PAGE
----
OUC History Book

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1923–1949 The American Red Cross set up a surgical dressing unit at OUC during WWII.

On the Homefront


America entered the Second World War


after the bombing of Pearl Harbor on

created jobs. The state’s citrus industry also

December 7, 1941. As our country fought

began to thrive, fueling growth throughout

for freedom on the battlegrounds of Europe

Central Florida.

and the Pacific, OUC helped on the

DRINKING WATER Orlando Utilities Commission was established on the principle of providing

from the Depression, as defense contracts

To keep pace, OUC embarked mid-decade

homefront — keeping the power on and the

on a major expansion of the water treatment

water flowing for the citizens of Orlando.

and electric generation facilities. The new

And that wasn’t always easy. According to

Lake Highland Plant, containing both electric

Orlando: A Centennial History, in June of

generation and water treatment equipment,

1942, street lights were cut off “when the

would be built west of Lake Highland, south

city faced an acute power shortage due to

of the railroad tracks, directly across from the

lack of oil. Merchants were asked to cut air

existing plant. OUC also constructed a new

safe, high-quality water to its customers. The water system facilities owned

conditioning and display lights, and municipal

water main system that replaced many of the

and operated by the newly formed OUC were described in detail in an

lights were discontinued, with the exception

original mains that were installed beginning

of traffic signals.”

in 1886. A 20-inch main was laid from the

October 13, 1930 newspaper article titled “Orlando Utilities: A Great Success.”

Throughout some of the darkest years in

The following excerpt is from that article and illustrates OUC’s commitment to providing the highest quality water for its customers. he water supply of the City of Orlando is a source of considerable pride and satisfaction to the citizens because of the high quality of the water for domestic and commercial purposes. The water is derived from a chain of fresh water lakes in and adjacent to the City. The raw water in these lakes is of low mineral content and is classed as a soft water. The Orlando Utilities Commission has a modern purification plant. The design and operation of this plant is in accord with the most approved water works practice. The plant is supervised by an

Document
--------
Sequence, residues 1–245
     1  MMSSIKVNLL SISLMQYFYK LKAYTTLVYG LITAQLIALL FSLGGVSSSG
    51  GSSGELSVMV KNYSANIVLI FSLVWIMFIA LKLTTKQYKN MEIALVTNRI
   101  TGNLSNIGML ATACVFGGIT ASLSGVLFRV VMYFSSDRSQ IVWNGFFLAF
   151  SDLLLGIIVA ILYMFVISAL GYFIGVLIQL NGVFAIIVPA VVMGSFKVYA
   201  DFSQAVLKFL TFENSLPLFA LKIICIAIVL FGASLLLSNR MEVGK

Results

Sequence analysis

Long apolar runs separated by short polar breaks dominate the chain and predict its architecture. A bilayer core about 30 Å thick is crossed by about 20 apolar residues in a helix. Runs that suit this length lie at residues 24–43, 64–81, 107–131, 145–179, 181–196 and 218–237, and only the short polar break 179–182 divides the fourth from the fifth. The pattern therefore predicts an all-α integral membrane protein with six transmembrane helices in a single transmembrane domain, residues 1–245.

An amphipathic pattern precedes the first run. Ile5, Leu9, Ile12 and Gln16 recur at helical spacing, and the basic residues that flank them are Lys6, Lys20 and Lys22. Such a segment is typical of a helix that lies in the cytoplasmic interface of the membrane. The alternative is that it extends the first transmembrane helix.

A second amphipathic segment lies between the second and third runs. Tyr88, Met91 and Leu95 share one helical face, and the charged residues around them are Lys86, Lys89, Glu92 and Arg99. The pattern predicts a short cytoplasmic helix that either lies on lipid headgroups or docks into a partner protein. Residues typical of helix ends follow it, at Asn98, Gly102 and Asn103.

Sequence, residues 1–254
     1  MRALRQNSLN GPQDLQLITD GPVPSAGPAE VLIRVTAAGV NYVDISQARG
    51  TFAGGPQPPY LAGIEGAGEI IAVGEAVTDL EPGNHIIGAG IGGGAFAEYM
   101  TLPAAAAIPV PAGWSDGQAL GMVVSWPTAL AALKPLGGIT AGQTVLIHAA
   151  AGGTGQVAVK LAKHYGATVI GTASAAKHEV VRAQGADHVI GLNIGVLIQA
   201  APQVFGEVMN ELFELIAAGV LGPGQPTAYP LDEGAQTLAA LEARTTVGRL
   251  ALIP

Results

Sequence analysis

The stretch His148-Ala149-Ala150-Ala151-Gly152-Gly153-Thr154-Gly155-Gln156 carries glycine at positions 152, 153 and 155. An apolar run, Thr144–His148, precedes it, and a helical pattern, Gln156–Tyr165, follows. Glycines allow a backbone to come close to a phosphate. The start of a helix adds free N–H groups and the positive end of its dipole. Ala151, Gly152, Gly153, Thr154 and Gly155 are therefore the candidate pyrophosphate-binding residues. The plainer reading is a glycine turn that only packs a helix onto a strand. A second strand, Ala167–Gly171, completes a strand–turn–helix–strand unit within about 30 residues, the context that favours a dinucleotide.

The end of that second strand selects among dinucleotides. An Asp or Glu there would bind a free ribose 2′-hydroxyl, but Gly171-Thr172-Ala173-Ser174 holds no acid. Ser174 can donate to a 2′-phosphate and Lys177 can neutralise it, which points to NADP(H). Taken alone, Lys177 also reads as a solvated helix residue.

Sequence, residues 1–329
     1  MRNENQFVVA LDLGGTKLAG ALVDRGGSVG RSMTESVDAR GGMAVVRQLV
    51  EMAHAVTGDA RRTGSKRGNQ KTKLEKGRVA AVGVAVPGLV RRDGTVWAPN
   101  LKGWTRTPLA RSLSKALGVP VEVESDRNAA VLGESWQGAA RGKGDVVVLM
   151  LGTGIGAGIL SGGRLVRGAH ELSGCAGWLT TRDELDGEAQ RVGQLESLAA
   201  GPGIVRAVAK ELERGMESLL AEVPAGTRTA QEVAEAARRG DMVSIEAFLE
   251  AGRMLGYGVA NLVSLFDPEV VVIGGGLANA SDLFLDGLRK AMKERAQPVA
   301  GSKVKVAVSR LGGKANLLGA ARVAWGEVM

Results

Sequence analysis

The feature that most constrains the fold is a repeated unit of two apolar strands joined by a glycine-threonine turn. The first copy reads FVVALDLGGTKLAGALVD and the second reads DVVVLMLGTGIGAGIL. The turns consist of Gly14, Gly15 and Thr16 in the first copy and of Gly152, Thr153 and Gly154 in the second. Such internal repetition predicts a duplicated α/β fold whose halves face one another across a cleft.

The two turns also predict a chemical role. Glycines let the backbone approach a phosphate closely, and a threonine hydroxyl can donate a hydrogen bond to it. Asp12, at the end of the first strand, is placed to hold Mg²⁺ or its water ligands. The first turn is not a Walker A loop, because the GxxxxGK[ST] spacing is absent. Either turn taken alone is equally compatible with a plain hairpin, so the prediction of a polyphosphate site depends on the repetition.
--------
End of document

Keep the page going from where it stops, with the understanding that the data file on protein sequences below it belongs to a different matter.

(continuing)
experienced water works bacteriologist and chemist, and every effort is made to maintain the highest standards of quality. Orlando has never had an epidemic of typhoid fever or other disease traceable to the water supply. The plant is pumping close to one billion gallons of water each year (2.7 MGD) and distributing the same through a system consisting of 156 miles of water mains in sizes ranging from 2 to 20 inches upon which there are more than 8,500 customer connections, and 427 municipal fire hydrants.”

to Lake Lucerne. Up to this point, the largest

what would become a legacy of community

water main in the City’s chief artery was

service — opening its doors to the American

10 inches in diameter.

Red Cross, which set up a surgical dressing

With the addition of new infrastructure

unit on the third floor of OUC’s office building.

came the need for a centralized service

One of the first such units in the war effort, it

operations area. In 1942, OUC built the 38,900-

served as the state’s training headquarters for

square-foot Lake Highland Service Yard, which

surgical instructors. More than 250,000

accommodated the new warehouse, meter

dressings were made at OUC, representing

rooms, paint shop, truck sheds and operations

107,447 hours of volunteer effort.

offices. The Yard was constructed on the north

During the war, the economies of Orlando and other Florida cities were able to rebound Lake Highland Service Yard construction circa 1942.

The OUC water pumping process — from low-lift pumps to aerators to settling basins to the high-lift pumps that carried water to the City mains.

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plant on Lake Ivanhoe down Orange Avenue

this nation’s history, OUC set the stage for

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shore of Lake Highland, on a private rail siding, adjacent to the Lake Ivanhoe Plant.